The 2000s era of basketball was mainly defined by superstar wing play and two separate dynasties, one of which sprouted up in Texas.
A one-time member of the Toronto Raptors, Orlando Magic and Houston Rockets, Tracy McGrady was one of the main swingmen who defined the former platitude. While the latter, obviously, is referring to the San Antonio Spurs, who won three titles between 1999-2000 and 2008-09. Recently, San Antonio entered the news when it was announced that one of the franchise’s greatest players, Manu Ginobili, had finally decided to hang ’em up after 16 years in the NBA.
So that got us to thinking: If forced to choose between the two aforementioned legends, who would we pick as the better player? We posited the question on Twitter, and the results were as down-the-middle as they could be:
It’s not hard to surmise why this topic is so divisive, either. After all, aside from both being ball-handlers, Ginobili and McGrady weren’t that similar.
One was an explosive, high-usage, super-sized wing who could do a bit of everything on the hardwood, but was never able to win anything substantial in his career. While the other was a bit more selfless, playing a major role for his team, but doing so off the bench while never averaging more than 13.3 nightly shot attempts in a season.
Nevertheless, despite their clear differences, using a few categories – such as scoring, rebounding and defense, among others – we’re going to break each of these players down in an attempt to answer the all-important question: Who was better?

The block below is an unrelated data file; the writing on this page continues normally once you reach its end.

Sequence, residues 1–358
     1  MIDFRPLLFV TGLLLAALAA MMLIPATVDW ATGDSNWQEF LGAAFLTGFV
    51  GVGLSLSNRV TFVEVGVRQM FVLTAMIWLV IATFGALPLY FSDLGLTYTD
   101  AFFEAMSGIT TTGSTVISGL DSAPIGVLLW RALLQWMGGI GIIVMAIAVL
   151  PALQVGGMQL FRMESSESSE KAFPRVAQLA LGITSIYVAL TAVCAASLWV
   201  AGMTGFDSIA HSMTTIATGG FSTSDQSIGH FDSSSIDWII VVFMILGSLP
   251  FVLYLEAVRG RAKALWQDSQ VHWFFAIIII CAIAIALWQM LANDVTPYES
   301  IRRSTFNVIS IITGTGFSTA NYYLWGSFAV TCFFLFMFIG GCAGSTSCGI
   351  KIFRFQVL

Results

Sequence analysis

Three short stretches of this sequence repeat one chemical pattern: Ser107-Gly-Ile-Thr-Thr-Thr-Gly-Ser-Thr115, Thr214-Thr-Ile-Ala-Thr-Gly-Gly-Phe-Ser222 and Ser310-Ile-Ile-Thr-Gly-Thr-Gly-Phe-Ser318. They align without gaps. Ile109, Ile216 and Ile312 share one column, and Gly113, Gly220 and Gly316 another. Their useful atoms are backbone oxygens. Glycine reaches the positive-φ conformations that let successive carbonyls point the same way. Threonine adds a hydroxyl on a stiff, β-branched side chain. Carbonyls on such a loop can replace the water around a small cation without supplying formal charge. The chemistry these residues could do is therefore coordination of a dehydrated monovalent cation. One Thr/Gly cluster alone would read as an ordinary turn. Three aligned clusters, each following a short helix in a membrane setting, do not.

This one is closer than first glance would indicate. Per-36 minutes, Ginobili averaged over 19.0 points eight times throughout his career, the same amount as McGrady. To go with his underrated hops, the crafty southpaw had an innate ability to get defenders off their feet using a variety of fakes, opening up easy looks for himself at the rim:
What’s more, Ginobili was a far more accurate outside shooter than his 6-foot-8 counterpart. For his career, Ginobili converted 36.9 percent of his three-point looks, peaking in 2011-12 at 41.3 percent. Meanwhile, McGrady was just a career 33.8 percent three-point marksman, whose shooting zenith came in 2002-03 when he made 38.6 percent of his outside looks.
Even so, for how fun it was to watch Ginobili drop buckets, it’s hard to overlook the fact McGrady led the league in scoring on two separate occasions (2002-03, 32.1 ppg and 2003-04, 28.0 ppg), while putting up more points for his career (19.6 ppg/21.6 points per-36) than Ginobili (13.3 ppg/18.8 points per-36).